Cancers journal

Leaders of a multicentre study that determines the best endoscopic treatment for large colorectal polyps

The GOES research group has led the study Compound Endoscopic Morphological Features for Identifying Non-Pedunculated Lesions ≥20 mm with Intramucosal Neoplasia published in the journal Cancers. This is an international reference publication in which 17 Spanish hospitals participated, including the Hospital Clínic in Barcelona and the Hospital Gregorio Marañón in Madrid.

This study identifies the best treatment for colorectal polyps based on the predictions that can be made using an advanced endoscopic technique. For the treatment of these polyps, which are precursor lesions of colorectal cancer, the specialists had three options: piecemeal extraction of the lesion via endoscopic route, in which case the pathological analysis is not always conclusive; endoscopic one-piece lesion removal, a complex technique with a risk of complications; or surgery. The study, published today, identifies the best treatment after predicting the outcome of the histological analysis. This prediction is made possible by chromoendoscopy, an advanced endoscopic technique. This is a light filter that highlights the pattern of the surface of the polyp’s vessels, allowing a much better assessment of the lesion and, therefore, a greater chance of determining whether or not it is degenerate. In this way, the lesions are assessed more safely and the most appropriate treatment is determined in each case, avoiding more aggressive interventions when they are unnecessary, or applying more complex techniques when required.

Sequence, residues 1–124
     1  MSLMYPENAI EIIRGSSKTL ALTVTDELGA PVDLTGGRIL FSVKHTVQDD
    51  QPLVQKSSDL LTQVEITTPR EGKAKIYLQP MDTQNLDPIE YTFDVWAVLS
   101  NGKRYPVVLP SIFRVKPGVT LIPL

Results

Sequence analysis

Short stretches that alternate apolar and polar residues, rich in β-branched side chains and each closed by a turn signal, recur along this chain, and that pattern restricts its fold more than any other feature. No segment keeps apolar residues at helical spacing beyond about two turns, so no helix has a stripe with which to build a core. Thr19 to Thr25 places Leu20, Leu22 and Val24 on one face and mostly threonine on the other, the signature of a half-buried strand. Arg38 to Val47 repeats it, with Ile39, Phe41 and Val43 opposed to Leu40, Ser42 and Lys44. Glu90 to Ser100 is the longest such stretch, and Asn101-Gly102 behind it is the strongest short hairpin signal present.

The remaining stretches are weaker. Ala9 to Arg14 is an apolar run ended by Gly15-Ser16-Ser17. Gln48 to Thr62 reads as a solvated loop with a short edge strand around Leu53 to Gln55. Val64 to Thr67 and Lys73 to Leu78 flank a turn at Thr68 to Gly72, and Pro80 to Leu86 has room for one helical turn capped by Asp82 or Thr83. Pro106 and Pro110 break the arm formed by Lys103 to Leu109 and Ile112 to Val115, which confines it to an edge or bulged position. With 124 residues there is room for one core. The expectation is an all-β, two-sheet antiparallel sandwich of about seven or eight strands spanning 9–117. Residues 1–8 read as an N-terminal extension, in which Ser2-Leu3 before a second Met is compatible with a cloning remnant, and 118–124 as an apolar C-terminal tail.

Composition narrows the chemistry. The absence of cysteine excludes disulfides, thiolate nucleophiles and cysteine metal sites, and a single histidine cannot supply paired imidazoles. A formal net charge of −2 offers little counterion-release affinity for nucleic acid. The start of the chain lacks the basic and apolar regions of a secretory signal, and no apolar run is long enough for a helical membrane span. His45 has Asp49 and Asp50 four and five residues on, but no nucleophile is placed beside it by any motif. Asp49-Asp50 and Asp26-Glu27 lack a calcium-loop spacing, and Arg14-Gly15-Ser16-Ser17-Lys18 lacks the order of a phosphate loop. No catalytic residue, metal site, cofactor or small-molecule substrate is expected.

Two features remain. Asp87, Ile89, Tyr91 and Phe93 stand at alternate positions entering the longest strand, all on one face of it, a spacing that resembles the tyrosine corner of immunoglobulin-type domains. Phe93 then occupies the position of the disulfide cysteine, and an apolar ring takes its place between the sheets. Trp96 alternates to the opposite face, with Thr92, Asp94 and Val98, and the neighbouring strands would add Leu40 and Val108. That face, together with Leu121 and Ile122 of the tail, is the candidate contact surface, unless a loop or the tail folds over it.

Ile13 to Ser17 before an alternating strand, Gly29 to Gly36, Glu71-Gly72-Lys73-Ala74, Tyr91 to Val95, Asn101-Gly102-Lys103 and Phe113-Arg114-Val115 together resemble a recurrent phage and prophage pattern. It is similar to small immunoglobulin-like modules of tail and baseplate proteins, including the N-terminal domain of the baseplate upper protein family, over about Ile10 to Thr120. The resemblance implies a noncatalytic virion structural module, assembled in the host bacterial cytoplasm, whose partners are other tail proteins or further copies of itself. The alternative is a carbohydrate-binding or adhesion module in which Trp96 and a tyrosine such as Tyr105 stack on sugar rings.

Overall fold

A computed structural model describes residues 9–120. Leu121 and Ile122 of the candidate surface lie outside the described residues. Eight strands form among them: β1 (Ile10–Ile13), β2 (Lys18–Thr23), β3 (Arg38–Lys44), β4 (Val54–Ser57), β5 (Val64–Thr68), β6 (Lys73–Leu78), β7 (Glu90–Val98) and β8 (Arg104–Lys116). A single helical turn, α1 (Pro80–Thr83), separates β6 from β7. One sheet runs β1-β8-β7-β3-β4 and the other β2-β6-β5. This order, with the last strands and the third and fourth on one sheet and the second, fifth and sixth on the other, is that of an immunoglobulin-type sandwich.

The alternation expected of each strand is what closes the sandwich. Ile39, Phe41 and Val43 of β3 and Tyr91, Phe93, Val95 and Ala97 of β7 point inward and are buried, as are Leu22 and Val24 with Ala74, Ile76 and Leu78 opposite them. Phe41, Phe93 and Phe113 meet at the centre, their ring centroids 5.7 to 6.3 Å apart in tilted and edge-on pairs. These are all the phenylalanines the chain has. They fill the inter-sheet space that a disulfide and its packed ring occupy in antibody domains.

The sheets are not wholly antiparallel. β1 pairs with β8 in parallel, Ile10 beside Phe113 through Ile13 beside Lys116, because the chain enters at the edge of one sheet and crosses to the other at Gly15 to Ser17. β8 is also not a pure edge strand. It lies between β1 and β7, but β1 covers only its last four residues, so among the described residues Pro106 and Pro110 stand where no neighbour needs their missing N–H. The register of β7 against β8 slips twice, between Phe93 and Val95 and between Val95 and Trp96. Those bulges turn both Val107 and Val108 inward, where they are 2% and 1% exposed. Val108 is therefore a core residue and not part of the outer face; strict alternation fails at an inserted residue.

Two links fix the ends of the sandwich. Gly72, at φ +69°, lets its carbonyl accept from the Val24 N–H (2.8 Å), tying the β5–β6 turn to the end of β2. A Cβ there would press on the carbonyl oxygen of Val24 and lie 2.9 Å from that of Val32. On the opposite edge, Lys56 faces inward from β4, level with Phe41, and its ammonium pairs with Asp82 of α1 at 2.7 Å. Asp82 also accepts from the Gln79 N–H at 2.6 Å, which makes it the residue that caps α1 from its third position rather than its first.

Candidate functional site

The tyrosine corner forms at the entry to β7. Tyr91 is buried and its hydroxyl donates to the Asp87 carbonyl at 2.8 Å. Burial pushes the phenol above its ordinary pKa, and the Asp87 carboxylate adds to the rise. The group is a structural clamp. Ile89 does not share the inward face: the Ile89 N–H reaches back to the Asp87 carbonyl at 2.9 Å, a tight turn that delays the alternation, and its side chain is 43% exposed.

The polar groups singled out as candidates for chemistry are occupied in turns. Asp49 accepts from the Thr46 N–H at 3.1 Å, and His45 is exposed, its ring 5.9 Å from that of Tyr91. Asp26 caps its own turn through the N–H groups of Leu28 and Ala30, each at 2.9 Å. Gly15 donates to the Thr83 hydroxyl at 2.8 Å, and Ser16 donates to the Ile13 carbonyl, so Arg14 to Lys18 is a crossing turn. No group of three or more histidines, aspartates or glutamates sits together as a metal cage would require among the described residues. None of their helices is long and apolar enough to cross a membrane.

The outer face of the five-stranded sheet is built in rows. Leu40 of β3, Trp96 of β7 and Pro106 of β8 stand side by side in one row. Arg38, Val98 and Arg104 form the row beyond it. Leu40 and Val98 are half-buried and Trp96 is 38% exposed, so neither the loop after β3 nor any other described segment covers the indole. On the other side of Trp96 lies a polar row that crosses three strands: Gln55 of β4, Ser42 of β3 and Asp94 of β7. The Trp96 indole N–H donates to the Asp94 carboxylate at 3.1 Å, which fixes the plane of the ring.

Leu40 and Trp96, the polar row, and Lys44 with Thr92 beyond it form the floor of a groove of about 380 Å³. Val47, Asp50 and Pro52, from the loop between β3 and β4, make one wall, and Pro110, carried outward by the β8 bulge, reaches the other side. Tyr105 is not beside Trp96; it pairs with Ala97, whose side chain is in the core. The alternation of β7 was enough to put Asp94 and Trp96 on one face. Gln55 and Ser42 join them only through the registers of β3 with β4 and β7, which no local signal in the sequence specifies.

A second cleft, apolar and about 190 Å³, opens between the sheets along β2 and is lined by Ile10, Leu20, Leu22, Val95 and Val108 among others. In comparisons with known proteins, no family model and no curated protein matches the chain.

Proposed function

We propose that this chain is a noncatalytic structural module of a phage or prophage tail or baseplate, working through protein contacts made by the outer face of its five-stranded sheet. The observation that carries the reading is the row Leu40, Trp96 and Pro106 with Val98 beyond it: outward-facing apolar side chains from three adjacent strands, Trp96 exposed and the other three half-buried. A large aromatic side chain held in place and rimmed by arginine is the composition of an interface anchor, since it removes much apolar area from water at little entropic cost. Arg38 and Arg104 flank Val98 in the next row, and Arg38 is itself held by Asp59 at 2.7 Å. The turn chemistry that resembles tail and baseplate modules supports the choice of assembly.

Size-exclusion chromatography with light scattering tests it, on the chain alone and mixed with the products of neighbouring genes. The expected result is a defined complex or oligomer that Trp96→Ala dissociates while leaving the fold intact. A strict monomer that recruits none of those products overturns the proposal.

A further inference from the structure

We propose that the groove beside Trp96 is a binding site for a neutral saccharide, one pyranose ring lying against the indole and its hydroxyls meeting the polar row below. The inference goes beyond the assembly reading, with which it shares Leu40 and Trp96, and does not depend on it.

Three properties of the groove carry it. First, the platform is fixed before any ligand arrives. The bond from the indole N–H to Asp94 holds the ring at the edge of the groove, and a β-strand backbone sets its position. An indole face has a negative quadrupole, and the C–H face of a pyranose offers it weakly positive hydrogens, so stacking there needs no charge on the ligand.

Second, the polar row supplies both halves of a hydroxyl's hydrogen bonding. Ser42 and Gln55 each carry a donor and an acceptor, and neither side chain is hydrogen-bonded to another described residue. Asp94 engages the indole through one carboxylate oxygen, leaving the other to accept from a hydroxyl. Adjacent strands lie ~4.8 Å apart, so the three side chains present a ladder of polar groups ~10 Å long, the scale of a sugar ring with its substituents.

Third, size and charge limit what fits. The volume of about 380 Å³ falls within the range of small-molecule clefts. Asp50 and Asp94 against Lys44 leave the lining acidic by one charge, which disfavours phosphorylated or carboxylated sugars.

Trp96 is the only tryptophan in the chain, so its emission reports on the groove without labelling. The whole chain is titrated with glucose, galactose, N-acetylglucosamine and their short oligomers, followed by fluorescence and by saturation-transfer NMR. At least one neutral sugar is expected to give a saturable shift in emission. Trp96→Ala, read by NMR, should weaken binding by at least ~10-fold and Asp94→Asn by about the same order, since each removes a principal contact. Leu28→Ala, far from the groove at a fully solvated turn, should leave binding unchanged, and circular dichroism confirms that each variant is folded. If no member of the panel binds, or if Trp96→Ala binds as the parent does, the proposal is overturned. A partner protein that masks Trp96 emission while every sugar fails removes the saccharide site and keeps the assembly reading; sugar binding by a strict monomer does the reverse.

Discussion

The study also identifies the uncertain cases that can benefit from a more accurate endoscopic optical diagnosis with magnification, a zoom that increases the image resolution. The Althaia Digestology Service is one of the pioneering hospitals in Spain in using magnification to decide on the most appropriate treatment for colorectal polyps. The article’s lead author is Dr João Da Costa, research digestologist in the Gastrointestinal Oncology, Endoscopy and Surgery (GOES) research group, who carried out this study in his time at Althaia. The research project was led by Dr Ignasi Puig, assistant at the Althaia Digestology Service and coordinator of GOES. Also engaged in the project were Dr Marco Antonio Álvarez, head of the Althaia Digestology Service and a widely recognized researcher in the field of colorectal polyps and endoscopy, and Dr Òria Rosiñol, from the Althaia Pathology Service, who carried out the centralized histological evaluation of the samples.

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